ARG. That's all very well; but this rash marriage is more than I can put up with, and it forces me to break off the match I had intended for my son. I have come from my solicitor's to see if we can cancel it.

    SCA. Well, Sir, if you will take my advice, you will look to some other way of settling this business. You know what a law-suit means in this country, and you'll find yourself in the midst of a strange bush of thorns.

    ARG. I am fully aware that you are quite right; but what else can I do?

    SCA. I think I have found something that will answer much better. The sorrow that I felt for you made me rummage in my head to find some means of getting you out of trouble; for I cannot bear to see kind fathers a prey to grief without feeling sad about it, and, besides, I have at all times had the greatest regard for you.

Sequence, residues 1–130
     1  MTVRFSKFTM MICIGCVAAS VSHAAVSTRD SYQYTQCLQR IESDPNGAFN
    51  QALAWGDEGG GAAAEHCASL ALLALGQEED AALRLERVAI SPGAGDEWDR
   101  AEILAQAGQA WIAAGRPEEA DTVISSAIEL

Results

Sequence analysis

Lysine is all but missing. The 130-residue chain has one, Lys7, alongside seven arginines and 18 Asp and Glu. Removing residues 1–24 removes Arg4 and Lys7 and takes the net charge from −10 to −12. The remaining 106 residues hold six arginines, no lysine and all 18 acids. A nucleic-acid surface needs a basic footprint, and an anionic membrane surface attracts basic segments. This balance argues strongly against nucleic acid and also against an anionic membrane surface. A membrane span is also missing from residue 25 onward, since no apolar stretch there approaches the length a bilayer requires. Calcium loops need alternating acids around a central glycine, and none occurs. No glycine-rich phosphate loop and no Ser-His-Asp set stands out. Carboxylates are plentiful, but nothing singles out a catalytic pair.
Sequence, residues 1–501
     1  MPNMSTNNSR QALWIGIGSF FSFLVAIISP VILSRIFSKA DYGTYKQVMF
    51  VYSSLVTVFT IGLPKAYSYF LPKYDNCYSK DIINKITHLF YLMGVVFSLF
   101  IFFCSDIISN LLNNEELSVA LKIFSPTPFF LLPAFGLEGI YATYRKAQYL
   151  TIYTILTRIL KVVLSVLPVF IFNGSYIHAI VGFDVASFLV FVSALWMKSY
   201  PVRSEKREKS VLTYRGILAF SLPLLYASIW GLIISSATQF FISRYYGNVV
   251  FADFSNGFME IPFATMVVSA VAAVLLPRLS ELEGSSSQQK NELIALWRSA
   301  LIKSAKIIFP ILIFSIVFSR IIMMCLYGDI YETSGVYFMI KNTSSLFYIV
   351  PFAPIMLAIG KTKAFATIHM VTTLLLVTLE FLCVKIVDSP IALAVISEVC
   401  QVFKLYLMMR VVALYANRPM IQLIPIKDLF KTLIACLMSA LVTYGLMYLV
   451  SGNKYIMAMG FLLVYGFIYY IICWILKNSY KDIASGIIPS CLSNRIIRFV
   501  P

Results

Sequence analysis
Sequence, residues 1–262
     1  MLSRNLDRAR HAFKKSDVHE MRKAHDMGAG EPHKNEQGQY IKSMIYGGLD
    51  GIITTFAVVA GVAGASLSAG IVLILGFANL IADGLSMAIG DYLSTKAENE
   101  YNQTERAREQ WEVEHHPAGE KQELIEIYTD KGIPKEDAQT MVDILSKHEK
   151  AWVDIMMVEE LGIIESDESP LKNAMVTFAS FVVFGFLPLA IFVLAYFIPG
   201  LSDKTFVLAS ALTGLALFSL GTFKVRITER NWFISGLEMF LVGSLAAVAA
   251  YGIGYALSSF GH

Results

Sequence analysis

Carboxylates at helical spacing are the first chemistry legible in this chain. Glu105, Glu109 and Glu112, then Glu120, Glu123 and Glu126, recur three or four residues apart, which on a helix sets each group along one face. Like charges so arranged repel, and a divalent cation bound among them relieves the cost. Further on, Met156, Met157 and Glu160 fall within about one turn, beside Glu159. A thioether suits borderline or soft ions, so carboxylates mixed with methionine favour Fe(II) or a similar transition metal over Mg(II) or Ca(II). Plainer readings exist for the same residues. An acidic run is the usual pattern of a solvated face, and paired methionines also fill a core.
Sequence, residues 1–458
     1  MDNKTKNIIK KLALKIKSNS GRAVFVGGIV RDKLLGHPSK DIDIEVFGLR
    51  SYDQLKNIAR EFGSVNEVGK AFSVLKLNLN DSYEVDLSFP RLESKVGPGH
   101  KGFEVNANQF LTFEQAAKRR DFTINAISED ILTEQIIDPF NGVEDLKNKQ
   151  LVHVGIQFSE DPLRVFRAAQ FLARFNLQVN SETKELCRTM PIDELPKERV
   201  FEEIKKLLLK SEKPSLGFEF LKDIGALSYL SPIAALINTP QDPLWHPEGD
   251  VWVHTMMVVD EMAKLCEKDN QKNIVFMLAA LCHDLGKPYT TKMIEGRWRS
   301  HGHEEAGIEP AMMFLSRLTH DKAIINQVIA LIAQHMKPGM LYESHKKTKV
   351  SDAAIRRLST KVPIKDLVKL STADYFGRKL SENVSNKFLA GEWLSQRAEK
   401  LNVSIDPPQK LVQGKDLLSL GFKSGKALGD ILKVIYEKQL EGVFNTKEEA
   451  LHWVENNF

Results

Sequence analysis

ARG. I am much obliged to you.

    SCA. Then you must know that I went to the brother of the young girl whom your son has married. He is one of those fire-eaters, one of those men all sword-thrusts, who speak of nothing but fighting, and who think no more of killing a man than of swallowing a glass of wine. I got him to speak of this marriage; I showed him how easy it would be to have it broken off, because of the violence used towards your son. I spoke to him of your prerogatives as father, and of the weight which your rights, your money, and your friends would have with justice. I managed him so that at last he lent a ready ear to the propositions I made to him of arranging the matter amicably for a sum of money. In short, he will give his consent to the marriage being cancelled, provided you pay him well.

    ARG. And how much did he ask?

    SCA. Oh! at first things utterly out of the question.

    ARG. But what?

    SCA. Things utterly extravagant.

    ARG. But what?

    SCA. He spoke of no less than five or six hundred pistoles.

    ARG. Five or six hundred agues to choke him withal. Does he think me a fool?